Low Diamond Supply Is Due To Low Production of Traditional Diamonds
2007: Low Diamond Supply Will Group Together Many Companies Known As Diamdel
A recent survey by the Jewelry Consumer Opinion Council, run by MVI Marketing, found that for most consumers place price above all else when diamond shopping. The survey asked 2,250 consumers about their jewelry shopping habits. 42% of consumers said that De Beers’ Diamond Trading Co. (DTC) Managing Director Varda Shine has acknowledged that there will be fewer DTC sightholders when the new three-year contract begins next spring.
The main reason cited for the reduction is that local diamond-polishing industries in Botswana, Namibia and South Africa will be siphoning off greater supply from traditional diamond centers. The DTC meanwhile, will move its activities from London to southern Africa to help integrate African industries into the world diamond business.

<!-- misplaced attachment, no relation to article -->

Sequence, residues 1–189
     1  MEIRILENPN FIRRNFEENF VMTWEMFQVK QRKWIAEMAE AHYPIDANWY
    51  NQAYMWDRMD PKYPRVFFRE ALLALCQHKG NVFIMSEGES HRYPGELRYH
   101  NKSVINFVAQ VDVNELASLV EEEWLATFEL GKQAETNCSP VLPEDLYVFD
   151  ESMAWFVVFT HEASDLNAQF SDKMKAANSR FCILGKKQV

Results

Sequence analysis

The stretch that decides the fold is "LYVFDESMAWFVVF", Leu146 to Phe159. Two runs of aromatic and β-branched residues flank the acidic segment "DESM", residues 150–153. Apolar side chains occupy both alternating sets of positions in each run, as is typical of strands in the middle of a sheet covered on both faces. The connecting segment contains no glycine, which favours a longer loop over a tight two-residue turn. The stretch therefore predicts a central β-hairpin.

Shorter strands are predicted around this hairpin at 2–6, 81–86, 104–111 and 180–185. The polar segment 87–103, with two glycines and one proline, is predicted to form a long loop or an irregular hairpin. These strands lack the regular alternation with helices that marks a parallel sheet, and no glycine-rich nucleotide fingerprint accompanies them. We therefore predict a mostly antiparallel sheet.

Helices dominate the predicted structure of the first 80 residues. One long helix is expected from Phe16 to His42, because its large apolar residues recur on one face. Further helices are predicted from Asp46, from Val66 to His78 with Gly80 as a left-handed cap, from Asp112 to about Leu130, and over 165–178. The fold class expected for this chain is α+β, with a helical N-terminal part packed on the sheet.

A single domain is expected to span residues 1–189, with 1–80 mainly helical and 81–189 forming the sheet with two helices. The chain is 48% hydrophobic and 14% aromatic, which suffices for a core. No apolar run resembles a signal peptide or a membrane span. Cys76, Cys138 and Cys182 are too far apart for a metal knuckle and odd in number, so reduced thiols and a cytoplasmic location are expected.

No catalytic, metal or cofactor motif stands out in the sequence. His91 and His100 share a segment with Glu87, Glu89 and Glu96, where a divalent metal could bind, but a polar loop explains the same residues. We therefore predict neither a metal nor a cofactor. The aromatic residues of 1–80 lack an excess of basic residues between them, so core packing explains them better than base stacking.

At the same time, Russian diamond producer Alrosa is also completely cutting off supply to De Beers by the end of 2008. The result will likely be fewer goods available from De Beers, Shine has said.
There has been no indication of how many of the current 93 sightholders will be cut.
De Beers has also announced that it will restructure the Diamdel group of companies, which provide rough diamonds to non-sightholders.
Diamdel will continue to sell to non-sightholders, principally through Diamdel NV in Antwerp and Hindustan Diamond Corp. in India, though most operations will be scaled back. Diamdel’s South Africa office will close and, in Namibia, the Namibia Diamond Trading Co.—the sales and marketing company owned jointly by de Beers and the Namibian government—will supply to that country’s cutters and polishers.